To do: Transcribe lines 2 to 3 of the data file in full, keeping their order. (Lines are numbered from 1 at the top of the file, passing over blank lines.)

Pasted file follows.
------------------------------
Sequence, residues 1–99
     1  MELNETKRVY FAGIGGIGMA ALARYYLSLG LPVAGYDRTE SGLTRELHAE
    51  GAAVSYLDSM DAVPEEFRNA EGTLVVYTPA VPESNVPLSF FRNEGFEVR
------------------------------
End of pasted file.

     1  MELNETKRVY FAGIGGIGMA ALARYYLSLG LPVAGYDRTE SGLTRELHAE
    51  GAAVSYLDSM DAVPEEFRNA EGTLVVYTPA VPESNVPLSF FRNEGFEVR